Within the Bible, we find instances illustrating emotional abuse. One example is Abigail, who likely had an emotionally abusive husband. Nabal is described as “surly and mean,” known for his insults and wickedness (1 Samuel 25:3, 14, 25). King Saul’s mistreatment of his son Jonathan is also evident in 1 Samuel 20:30. Additionally, the Babylonians inflicted emotional abuse on Zedekiah by killing his sons in front of him, ensuring his last sight would be their deaths (2 Kings 25:7). Delilah’s relentless nagging of Samson until he grew weary of it (Judges 16:16) exemplifies emotional or possibly psychological abuse. According to Scripture, the actions of an emotional abuser are sinful and displeasing to God.

The famous passage on love in 1 Corinthians 13 unequivocally condemns emotional abuse. The apostle Paul outlines the characteristics of genuine love. Love is patient and kind (1 Corinthians 13:4), traits that emotional abuse lacks. Instead, emotional abuse quickly flares up at minor offenses. Love keeps no record of wrongs (verse 5), while emotional abuse fixates on pointing out the other person’s flaws to protect the abuser’s ego. Love is not rude, selfish, prideful, irritable, or resentful—qualities often associated with emotional abuse. Love always protects, trusts, hopes, and perseveres (verse 7). Sadly, those who love unconditionally are often the targets of emotional abuse.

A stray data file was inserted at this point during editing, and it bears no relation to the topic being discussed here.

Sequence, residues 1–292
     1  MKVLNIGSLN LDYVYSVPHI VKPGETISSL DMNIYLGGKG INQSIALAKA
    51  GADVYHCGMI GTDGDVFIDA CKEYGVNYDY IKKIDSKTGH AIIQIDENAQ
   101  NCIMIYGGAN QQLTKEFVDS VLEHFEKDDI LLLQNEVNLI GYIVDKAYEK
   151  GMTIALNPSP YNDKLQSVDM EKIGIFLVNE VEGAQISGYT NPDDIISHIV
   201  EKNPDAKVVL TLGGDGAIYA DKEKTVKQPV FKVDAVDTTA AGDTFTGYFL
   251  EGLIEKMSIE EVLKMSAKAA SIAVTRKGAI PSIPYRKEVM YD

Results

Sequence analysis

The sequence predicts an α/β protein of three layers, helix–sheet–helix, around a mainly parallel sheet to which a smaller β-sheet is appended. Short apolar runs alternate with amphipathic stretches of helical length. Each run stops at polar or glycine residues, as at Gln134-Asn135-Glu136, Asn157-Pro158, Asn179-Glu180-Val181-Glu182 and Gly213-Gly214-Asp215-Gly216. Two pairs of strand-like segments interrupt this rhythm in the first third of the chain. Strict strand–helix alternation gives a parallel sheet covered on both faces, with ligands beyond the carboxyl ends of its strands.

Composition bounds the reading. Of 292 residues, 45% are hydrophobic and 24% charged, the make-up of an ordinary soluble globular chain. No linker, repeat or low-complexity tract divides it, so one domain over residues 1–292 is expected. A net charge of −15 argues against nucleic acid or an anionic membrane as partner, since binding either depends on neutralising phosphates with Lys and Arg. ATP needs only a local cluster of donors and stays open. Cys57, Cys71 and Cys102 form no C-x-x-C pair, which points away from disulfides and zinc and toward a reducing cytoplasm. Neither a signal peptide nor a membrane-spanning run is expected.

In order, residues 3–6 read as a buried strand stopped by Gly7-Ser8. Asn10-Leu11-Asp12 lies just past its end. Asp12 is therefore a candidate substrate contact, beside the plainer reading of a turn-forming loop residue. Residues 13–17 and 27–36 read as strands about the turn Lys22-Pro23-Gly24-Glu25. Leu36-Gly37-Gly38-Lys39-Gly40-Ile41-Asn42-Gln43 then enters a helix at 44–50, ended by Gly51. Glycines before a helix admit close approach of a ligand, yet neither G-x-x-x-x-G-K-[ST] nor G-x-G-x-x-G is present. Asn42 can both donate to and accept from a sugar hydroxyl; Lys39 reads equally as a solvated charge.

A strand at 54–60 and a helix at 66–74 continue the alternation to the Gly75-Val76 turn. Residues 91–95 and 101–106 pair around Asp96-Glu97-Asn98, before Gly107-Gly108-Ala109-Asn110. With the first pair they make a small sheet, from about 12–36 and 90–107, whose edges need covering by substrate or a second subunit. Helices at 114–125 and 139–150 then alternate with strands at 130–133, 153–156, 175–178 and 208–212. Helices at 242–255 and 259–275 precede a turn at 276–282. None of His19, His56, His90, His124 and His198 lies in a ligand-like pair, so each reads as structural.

Do these biblical descriptions of love imply that emotional abuse should be silently tolerated? Must one endure the abuse and “persevere” through the pain? The answer to both questions is a resounding “no.” There are loving alternatives beyond accepting the status quo. Abuse is a learned behavior, and accepting it means condoning it. Verbal or emotional abuse should not be accepted for two primary reasons: it dishonors the Lord, and it often escalates into physical abuse.

Emotional abuse is not characteristic of individuals walking in fellowship with the Lord. How does a relationship deteriorate to the point of emotional abuse? Somewhere along the way, there was a failure to obey God’s commands regarding interpersonal relationships (see Ephesians 5:21). Both individuals in a relationship should have their own personal relationship with God through Christ and actively strive to honor God and one another. Without that fellowship with God and a commitment to mutual honor, the relationship will eventually break down.